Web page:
Saturday, May 25, 2013

K'Naan Turns to Film to Tell Somalia's Story

K’naan turns to film to tell Somalia’s story

Hamilton Spectator

TORONTO Canadian rapper K'naan has long drawn musical inspiration from his troubled homeland of Somalia. Now he says he's ready to make a film about his war-torn roots.

The Toronto poet, rapper, singer and songwriter has penned a screenplay he hopes to direct and shoot in Somalia, about an artistic orphan named Maano who joins a mercenary killing squad.

K'naan says he's excited to fine-tune the script and develop his director's vision on Monday, when he begins a month-long stint at the Sundance Institute's annual directors and screenwriters labs in Utah.

"I'm so curious, that's what it is, more than anything else," K'naan said in a recent interview from Los Angeles, where he was working on a new album.

"I'm really genuinely sleepless from curiosity.  I don't know how that all comes together and I'm like that about music also — I get obsessive over work, over the idea of a song or the feeling of a song or something I have to do when I get to the studio. But I always wonder how what's in my head, the song in my head, and now in this case the film in my head, will look like."

K'naan's script Maanokoobiyo, is among 13 projects that have been chosen to take part in the prestigious workshop, where creative advisers will include institute president and founder Robert Redford, The Hurt Locker director Kathryn Bigelow, actor Ed Harris, No director Pablo Larrain, The Motorcycle Diaries scribe Jose Rivera, Argo scribe Chris Terrio and actress Alfre Woodard.

But despite the huge vote of confidence in his point of view, K'naan says he's not so much interested in becoming a filmmaker as he is simply driven to express himself in the best way possible.

"It's not really that I'm interested in filmmaking. I'm interested in the instrument of it, you know," says K'naan, who spent his childhood in Mogadishu and was on one of the last commercial flights out of the country before its collapse.

"I'm interested in telling this story in particular through a visual medium. So if the story was best suited for a book I would probably would have been sitting down and writing a book.

And if it was for a song, that's what it would have been. But there are certain stories that are best suited for a visual medium and so it's not that I would like to be a filmmaker, it's just that I have a film to make."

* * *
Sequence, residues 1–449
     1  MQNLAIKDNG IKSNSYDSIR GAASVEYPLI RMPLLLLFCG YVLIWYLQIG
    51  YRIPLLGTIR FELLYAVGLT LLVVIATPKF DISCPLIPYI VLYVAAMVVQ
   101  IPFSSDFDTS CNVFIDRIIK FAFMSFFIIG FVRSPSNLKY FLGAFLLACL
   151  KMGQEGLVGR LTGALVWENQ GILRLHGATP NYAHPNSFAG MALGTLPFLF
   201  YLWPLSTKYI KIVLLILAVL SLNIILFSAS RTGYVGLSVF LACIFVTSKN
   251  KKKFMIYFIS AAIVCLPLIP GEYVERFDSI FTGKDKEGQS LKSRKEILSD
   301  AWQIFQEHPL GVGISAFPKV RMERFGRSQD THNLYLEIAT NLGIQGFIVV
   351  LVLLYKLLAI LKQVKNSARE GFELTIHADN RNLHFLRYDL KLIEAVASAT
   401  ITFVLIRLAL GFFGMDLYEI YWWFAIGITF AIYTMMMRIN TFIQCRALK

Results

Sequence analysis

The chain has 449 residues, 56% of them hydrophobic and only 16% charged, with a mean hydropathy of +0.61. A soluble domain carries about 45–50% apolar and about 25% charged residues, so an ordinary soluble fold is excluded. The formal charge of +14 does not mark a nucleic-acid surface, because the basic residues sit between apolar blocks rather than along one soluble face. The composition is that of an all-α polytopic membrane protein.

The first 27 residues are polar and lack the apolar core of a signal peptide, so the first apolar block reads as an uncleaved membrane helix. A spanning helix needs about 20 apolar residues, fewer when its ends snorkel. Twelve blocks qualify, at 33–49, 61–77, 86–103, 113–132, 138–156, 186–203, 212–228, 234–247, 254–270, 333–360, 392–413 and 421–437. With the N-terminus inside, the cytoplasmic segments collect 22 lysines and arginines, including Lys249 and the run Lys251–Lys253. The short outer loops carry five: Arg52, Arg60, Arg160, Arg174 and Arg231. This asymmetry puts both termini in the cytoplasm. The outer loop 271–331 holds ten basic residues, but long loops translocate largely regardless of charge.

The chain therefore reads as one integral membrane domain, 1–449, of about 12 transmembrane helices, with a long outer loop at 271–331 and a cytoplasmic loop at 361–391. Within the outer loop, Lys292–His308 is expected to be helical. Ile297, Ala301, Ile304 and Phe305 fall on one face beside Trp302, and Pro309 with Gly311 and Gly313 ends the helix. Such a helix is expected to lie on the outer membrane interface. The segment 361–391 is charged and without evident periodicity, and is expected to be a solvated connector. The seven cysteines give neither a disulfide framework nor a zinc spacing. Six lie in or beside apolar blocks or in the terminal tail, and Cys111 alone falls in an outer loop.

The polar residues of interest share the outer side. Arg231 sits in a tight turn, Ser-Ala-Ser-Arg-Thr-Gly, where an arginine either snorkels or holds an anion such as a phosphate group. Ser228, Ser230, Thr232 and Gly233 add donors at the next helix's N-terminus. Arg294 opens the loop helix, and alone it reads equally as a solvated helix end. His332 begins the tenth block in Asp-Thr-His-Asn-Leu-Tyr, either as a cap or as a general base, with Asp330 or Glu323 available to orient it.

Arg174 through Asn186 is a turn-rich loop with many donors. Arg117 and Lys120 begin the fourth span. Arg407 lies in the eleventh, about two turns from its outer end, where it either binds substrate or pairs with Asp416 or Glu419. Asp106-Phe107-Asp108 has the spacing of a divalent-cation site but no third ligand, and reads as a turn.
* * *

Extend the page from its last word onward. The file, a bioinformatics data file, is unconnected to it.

As part of the directors lab, K'naan will work with professional actors and production crews to shoot and edit key scenes from his screenplay. Other emerging filmmakers attending the labs come from the United States, Europe, Mexico and Peru.

The Wavin' Flag rapper, who now lives in New York, says his tale is inspired by real people, with the central character — 21-year-old Maano — sharing more than a few traits with himself.

"He's got a lot of me (in him) and his sister is really based on someone that I love and have been very, very close to all my childhood who recently passed away," says K'naan, who also attended the Sundance Institute's five-day screenwriter's lab in January, which he calls "life-changing."

"The film opens as (Maano) is learning that he has one last family member remaining that's alive. He has a sister that's alive and on the other side of the country and it's just how it changes him in the process of searching for his sister, how finding such news, what that does to someone's soul."

While he's committed to directing his own script, K'naan says he doesn't expect to also appear in the movie.

"I just feel like it would be too much to take on writing the film and then assembling a cast, and directing it and probably making music for it," he says.

"I don't want to diminish the work by doing too much. So that's a part of the concern but in this process I've had ... do acting scenes and monologues off of the film for people who are advisers and friends who are around and they just go: 'It's so obvious you have to act in it.' But I genuinely don't have the ambition to act."

K'naan says he'd love to actually shoot the film in Somalia, suggesting the region appears to be stabilizing somewhat.

"It's really changing. The country is having its first rebirth and turnaround now ... economically and governmentally it's really incredible," he says.

"It's a lot to hope for — for Somalia to be safe and stable for good — but that's the dream and that's what people are working for and if that happens I'd love to shoot there."

The Sundance labs begin Monday and run through June 27.

No comments: